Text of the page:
Today, the focus on employee productivity is everywhere, including healthcare industries. Unfortunately, however, during the pandemic, employee productivity in healthcare may have backslid.
Good news, though, you can get your employee productivity back on track with the following foolproof ways. With that, you can continue to be a valued member of the healthcare industry.
In this article, we explore five tried and tested strategies companies can adopt to maximise employee productivity in healthcare.
Importance of employee productivity in healthcare
Increased employee productivity in healthcare can be beneficial for the quality of patient care and, resultantly, improve the satisfaction of the company’s medical services.
Moreover, employee productivity is directly associated with employee engagement, and ultimately, the turnover rate in the healthcare industry. Resultingly, it reduces human resources hiring costs and provides a conspicuous customer experience that’s worthy of circulating.
In 2020, the turnover rate in healthcare stood at a whopping 19.5%, as cited from a Retention & RN Staffing Report by NSI National Health Care. Needless to say, these aren’t solely numbers. However, they also exhibit the significance of employee productivity in healthcare and why employers should recalibrate and emphasise employee productivity more.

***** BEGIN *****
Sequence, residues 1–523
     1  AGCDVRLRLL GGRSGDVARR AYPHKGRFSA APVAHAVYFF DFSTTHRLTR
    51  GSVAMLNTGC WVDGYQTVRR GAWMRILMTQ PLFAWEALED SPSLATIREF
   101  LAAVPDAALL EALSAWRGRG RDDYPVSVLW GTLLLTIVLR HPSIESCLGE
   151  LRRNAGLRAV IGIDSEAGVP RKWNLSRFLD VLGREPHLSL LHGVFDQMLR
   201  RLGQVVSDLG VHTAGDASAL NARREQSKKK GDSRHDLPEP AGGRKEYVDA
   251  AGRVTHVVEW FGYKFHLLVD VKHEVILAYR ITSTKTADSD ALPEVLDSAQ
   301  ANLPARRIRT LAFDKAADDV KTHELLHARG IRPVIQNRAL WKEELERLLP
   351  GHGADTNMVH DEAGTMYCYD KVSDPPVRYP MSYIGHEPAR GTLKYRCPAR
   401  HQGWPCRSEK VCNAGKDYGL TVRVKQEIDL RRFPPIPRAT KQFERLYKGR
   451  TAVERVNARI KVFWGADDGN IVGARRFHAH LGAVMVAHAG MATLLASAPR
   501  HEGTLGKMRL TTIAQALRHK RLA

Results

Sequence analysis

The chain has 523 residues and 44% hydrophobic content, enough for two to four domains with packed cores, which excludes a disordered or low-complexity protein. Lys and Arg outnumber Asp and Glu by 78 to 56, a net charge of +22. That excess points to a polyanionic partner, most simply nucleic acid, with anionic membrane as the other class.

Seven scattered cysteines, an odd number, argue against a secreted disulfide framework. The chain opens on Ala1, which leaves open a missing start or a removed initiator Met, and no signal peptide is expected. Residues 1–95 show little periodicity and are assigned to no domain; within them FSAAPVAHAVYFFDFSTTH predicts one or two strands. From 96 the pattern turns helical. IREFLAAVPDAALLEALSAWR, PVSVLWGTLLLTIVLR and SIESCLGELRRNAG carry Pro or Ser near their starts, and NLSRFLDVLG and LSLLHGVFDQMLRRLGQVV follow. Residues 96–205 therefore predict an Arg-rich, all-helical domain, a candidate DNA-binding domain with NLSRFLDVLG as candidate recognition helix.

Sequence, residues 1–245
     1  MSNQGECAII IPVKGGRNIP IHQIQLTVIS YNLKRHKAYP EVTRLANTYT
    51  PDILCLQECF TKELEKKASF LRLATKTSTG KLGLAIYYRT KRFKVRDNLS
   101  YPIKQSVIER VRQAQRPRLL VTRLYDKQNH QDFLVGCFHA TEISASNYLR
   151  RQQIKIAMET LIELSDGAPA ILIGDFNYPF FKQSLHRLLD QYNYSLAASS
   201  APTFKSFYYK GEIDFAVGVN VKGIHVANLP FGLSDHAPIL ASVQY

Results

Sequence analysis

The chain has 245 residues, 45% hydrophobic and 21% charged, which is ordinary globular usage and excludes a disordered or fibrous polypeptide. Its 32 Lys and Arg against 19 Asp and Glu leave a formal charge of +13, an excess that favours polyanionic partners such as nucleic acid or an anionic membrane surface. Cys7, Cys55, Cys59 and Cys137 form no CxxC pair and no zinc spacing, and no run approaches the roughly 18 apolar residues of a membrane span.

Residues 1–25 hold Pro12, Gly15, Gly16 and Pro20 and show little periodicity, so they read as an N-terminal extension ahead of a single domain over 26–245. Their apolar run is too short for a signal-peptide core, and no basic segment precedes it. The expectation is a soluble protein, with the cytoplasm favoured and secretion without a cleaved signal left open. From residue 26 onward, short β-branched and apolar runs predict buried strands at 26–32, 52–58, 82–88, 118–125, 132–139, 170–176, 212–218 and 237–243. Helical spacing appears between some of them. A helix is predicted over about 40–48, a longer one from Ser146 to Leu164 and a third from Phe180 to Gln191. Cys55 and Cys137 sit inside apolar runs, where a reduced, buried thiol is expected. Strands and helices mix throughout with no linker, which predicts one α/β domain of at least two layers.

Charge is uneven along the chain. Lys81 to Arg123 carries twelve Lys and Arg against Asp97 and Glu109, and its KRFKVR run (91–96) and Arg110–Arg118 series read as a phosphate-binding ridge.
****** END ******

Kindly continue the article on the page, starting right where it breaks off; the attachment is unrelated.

Since employees are instrumental in the healthcare industry, there is a notion your employee’s performance and productivity can immensely affect the services provided and, inevitably, the moods of your patients.
Therefore, employee productivity is decisive in the success of your business, just as patient satisfaction constitutes employees’ efficacy.
Improve workplace communication in healthcare
Effective communication in healthcare ensures accurate diagnoses, encourages a better quality of work, leads to optimal work processes, and predominantly raises employee productivity in healthcare. But, just how many companies have fully embraced the boons of improving workplace communication in healthcare?
According to research by FierceHealthcare, poor communication has led to nearly 2,000 deaths and $1.7 billion of medical malpractice claims. This massive cost incurred indicates poor communication is more widespread than effective communication, negatively impacting employee productivity. Moreover, conflicts may arise from poor communication and affect the team’s performance and morale.